With the weight of history and memory upon the city that has lasted for generations, it may be difficult to understand how a bridge could help a community overcome an inherited historical memory. The success of the Peace Bridge in overcoming the hindrance of history rests with the creation of a new historical narrative for the city and the introduction of shared space. The new bridge is free of the symbols that so often mark the territory of one group or another throughout the city. The bridge also connects the city center to Ebrington Barracks, a space that had been closed to the public previously. The story of Ebrington as a base for the British Army during the Troubles is quickly fading as the lost history of Ebrington’s role during World War I and World War II, reemerges; this is a history that the city as a whole can share and embrace together.  Because of the creation of this new historical narrative, the city of Derry~Londonderry has been able to redefine its identity and project a message of a forward progress that acknowledges a fresh start. At the center of this new identity is the Peace Bridge and its symbolic bridging between not only two groups, but also the past and the present.

Thursday, April 18, 2013

This Little Light of Mine

Sometimes it’s hard to believe what is going on in this world. This week in particular has been difficult. Back home we’ve had the tragedy at the Boston Marathon, attempted attacks on elected officials, and the explosion of a plant in Texas. Here in Derry, we’ve experienced heightened violence and protests in response to Margaret Thatcher’s death. It’s so easy for us to get bogged down in what seems to be a world of overwhelming tragedy and hate.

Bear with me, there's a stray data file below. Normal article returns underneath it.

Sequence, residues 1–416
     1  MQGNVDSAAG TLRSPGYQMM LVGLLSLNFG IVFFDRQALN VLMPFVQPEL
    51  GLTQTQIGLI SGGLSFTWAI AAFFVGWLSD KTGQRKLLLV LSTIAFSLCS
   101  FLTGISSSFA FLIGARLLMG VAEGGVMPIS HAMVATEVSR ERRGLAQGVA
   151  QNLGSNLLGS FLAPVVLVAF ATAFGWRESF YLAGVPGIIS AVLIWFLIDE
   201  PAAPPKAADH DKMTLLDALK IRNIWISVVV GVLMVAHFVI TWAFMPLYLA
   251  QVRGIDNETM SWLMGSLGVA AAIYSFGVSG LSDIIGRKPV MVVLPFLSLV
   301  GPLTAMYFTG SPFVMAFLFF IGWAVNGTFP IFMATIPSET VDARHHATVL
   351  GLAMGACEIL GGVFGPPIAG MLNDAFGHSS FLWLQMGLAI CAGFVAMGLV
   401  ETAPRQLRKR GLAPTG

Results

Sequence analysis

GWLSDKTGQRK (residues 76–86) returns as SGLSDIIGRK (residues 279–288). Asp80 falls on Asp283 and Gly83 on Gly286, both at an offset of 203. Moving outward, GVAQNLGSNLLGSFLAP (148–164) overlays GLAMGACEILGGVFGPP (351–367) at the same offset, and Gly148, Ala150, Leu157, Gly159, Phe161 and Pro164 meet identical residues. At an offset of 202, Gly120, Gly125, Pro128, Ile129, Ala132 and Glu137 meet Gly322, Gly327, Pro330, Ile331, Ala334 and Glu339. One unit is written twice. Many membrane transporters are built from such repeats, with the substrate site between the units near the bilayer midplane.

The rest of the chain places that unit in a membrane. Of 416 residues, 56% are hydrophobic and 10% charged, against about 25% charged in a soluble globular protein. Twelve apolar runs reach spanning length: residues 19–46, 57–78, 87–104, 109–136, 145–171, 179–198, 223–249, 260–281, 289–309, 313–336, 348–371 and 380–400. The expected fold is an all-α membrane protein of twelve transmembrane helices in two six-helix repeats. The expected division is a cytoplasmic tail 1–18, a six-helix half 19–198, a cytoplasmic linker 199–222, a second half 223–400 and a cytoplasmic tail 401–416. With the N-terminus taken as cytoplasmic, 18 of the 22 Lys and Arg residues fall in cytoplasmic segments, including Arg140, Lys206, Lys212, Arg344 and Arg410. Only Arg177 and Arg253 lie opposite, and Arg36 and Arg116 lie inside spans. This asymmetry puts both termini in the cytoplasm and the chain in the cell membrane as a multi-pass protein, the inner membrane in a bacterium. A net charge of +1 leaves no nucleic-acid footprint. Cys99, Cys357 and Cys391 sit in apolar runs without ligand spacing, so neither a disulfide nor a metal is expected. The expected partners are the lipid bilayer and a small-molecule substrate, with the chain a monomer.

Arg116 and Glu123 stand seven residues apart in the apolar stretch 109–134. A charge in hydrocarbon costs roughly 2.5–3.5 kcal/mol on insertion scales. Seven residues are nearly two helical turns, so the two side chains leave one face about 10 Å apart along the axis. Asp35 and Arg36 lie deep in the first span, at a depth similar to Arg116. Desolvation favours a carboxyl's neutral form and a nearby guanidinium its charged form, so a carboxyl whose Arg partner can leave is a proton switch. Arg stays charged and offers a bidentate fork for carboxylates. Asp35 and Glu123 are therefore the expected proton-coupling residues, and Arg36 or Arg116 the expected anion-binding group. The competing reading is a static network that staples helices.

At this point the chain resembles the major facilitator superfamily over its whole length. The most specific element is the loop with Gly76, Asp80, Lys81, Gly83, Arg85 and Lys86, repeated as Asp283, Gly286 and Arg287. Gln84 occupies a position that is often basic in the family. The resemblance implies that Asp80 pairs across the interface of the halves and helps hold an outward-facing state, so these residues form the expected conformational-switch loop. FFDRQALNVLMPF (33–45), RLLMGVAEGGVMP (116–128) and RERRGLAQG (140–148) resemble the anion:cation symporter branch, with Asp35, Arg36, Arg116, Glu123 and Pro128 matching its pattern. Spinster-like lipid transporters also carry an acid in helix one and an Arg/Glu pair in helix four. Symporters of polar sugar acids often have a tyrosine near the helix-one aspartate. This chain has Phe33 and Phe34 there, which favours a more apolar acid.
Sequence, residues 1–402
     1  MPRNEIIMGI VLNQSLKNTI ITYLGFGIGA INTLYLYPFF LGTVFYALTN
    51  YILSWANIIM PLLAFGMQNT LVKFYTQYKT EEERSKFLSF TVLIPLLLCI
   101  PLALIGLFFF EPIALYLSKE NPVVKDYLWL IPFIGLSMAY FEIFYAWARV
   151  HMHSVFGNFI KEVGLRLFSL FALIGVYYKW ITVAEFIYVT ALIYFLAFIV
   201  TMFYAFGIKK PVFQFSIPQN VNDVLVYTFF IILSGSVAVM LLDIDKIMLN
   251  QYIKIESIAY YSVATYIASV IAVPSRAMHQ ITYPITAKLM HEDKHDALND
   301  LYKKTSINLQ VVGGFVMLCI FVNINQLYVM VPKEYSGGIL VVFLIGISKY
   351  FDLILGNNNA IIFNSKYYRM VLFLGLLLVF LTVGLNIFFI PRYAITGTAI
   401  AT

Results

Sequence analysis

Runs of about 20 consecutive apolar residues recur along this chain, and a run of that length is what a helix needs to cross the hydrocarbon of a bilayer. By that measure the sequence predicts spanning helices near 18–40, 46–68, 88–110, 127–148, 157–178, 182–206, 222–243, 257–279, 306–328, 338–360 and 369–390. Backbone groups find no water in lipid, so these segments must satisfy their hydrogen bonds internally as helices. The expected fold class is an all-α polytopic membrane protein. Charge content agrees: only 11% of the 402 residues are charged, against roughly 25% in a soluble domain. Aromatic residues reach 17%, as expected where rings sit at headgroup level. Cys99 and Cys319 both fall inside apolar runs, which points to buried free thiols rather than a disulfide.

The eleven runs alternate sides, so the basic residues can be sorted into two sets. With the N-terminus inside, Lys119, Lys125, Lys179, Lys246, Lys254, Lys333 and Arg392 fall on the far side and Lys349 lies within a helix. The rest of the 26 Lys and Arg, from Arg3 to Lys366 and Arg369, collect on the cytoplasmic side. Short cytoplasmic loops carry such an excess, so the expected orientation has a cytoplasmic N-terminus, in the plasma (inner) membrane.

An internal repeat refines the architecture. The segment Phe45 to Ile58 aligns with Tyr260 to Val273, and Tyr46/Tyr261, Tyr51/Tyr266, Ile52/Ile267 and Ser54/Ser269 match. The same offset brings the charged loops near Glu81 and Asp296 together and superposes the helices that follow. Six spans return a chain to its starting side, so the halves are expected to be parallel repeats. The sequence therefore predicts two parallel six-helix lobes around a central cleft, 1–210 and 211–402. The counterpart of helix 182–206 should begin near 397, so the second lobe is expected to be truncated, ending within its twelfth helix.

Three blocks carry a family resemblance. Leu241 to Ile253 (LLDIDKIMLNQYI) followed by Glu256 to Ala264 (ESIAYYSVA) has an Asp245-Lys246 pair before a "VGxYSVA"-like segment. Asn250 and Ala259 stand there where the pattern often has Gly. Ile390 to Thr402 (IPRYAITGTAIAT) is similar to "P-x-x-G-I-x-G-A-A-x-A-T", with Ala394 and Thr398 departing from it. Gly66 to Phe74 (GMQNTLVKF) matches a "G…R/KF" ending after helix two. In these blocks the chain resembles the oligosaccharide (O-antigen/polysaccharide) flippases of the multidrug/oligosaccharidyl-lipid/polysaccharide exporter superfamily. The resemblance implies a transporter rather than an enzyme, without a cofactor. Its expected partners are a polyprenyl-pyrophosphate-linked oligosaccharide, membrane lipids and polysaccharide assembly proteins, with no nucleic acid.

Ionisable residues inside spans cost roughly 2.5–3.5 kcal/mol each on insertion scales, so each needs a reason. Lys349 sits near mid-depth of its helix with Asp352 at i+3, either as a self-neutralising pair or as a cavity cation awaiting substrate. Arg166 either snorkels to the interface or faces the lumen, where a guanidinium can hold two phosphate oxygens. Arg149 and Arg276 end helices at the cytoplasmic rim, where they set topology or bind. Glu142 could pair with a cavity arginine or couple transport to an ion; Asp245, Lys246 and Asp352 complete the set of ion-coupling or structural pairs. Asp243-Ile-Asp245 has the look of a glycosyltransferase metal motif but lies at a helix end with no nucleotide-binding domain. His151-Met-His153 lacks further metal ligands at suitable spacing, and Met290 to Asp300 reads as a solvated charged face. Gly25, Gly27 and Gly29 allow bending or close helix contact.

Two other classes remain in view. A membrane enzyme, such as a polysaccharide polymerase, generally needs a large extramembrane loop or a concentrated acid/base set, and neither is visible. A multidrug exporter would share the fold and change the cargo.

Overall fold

Northern Ireland has experienced its fair share of tragedies. Not too soon after we heard about the Boston bombings, my host mother told me about her experience in the Omagh bombing in 1998. She was taking her children to the park in Omagh that Saturday afternoon and happened to pick up a hitchhiker on the road. Instead of dropping him off in the city center like they agreed, she offered to take him all the way home. On their way back through the city, they were diverted by police officers. The bomb had gone off roughly a half an hour before they arrived killing 29 people and injuring 220. By some stroke of luck, or perhaps fate, the detour to bring the hitchhiker home saved their lives. It is terrifying to think how close we are to events such as this.

But one of the things that I’ve learned in the past few years is that a bit of good, no matter how small can shine its way through the darkness. A picture I heard about in a podcast I was listening to reminded me of this. It was a projection on a wall in NYC of a famous MLK quote: “Darkness cannot drive out darkness, only light can do that.” The words alone are moving, but below the quote, the universal NY font was connected the Boston Red Sox “B”  with a heart, uniting the symbols of rivalry.

It is small gestures like that keep me going. We saw that in the aftermath of the Boston Marathon: runners rushing to hospitals to donate blood, locals opening up their homes for complete strangers, and even just messages of support from across the whole country.